I've never tried rods in the lathe. Sized a truckload or two back in the dark ages, when I worked in a auto machine shop. We never took much off the cap, a couple thou. then honed the big ends with a Sunnen hone, and then the small ends were cut on a machine that held the rod in alignment on the finished big end. [with new pin bushings, which were a little undersize] Also, the center to center distance was set to spec's. That's where I think you might find trouble, keeping the center distance close to spec, and as importantly, the same.

                I truely hope you haven't made scrap of your rods. If the centerlines of the rod and pin bores aren't parallel, you're in for big trouble, concentrates the stress on the edges of the inserts, and will tend to bust the rod just below the pin bore.

                Hopefully, there is a way out of all this, and you'll be fine. I just can't think of a way, based on what I see and read in your posts.

                Of course, if your rods needed work, you're really out nothing, you'd have to buy new, or get a reman set anyway.

                Best of luck, TC
                I agree, a Sunnen Hone is the way to go. I'm concerned, however, that the rods have been shortened some .015 (half of .030) now since that changes the geometry of the engine. Furthermore, this will affect engine balance and performance somewhat due to the lightening and the fact that there are now two short connecting rods. This will lower the comression ratio in the two affected cylinders. .015 difference in head space is a great amount in an engine that was so closely detailed as the 750s.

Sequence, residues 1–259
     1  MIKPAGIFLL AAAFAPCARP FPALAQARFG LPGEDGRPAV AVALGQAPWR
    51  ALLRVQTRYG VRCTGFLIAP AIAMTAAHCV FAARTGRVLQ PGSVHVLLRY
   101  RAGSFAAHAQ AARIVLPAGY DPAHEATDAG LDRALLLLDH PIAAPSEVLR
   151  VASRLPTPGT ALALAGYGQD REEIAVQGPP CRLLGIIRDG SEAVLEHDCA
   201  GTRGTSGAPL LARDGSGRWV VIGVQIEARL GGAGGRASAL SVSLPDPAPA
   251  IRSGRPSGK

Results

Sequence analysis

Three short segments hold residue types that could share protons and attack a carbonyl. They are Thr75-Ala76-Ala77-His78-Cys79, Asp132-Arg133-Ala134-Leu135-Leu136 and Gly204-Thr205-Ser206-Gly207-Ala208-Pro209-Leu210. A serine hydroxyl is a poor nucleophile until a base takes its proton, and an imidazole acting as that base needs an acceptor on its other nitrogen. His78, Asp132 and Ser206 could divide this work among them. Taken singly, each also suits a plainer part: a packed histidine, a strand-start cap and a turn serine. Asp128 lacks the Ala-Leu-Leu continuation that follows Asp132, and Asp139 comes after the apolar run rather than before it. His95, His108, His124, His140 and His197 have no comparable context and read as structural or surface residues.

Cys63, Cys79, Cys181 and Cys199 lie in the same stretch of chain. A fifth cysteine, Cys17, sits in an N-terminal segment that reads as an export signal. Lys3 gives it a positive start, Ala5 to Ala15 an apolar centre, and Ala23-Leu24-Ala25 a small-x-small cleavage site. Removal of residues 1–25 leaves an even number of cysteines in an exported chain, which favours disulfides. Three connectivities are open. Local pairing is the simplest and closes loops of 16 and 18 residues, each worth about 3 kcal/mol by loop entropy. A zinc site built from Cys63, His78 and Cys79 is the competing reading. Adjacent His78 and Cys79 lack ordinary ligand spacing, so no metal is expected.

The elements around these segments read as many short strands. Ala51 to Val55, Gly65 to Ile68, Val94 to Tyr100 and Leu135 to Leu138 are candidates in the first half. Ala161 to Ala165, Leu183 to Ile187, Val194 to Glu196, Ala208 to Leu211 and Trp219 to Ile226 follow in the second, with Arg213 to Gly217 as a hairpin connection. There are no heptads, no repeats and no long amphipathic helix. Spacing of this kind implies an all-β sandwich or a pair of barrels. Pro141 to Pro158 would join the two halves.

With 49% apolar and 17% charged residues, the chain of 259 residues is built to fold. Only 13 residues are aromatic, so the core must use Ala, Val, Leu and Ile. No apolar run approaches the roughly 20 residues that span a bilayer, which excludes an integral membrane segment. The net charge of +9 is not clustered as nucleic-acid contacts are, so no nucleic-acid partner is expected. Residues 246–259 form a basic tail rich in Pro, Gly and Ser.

I presume that there are no inserts in the connecting rod bearings and that they ride directly on the crank journal. That's a perfect setting for a Sunnen honing Job. I've worked on many Harley-Davidson engines and whenever I had something like this come up, I would find a shop that could do the honing for me since a Sunnen Hone is not even on my short list along with food, clothing and shelter. LOL.

                Good luck on the project but I do agree with Tim Clarke here.


                • #23
                  Gnm109, I would not think the balance would be affected to badly if he gets them the same, it is just a 2 cylinder engine. I kind of got the impression from your post that you might think it is a 750 motorcycle engine.


                  • #24
                    Large Diesel rods are commonly reconditioned on specialized boring machines. You don't normally see those in ordinary auto machine shops.

                    They locate the rod using the wristpin, with a clamp over the beam and a pair of jackscrews at the big end.

                    In these machines the rod is fixed and the boring head turns. It's still a boring operation.

                    The trick here is, rather than trying to clamp everything near the big end, they use the little end to oppose the boring torque, the jackscrews keep the big end from moving around, and the strap across the beam just keeps the rod from falling off.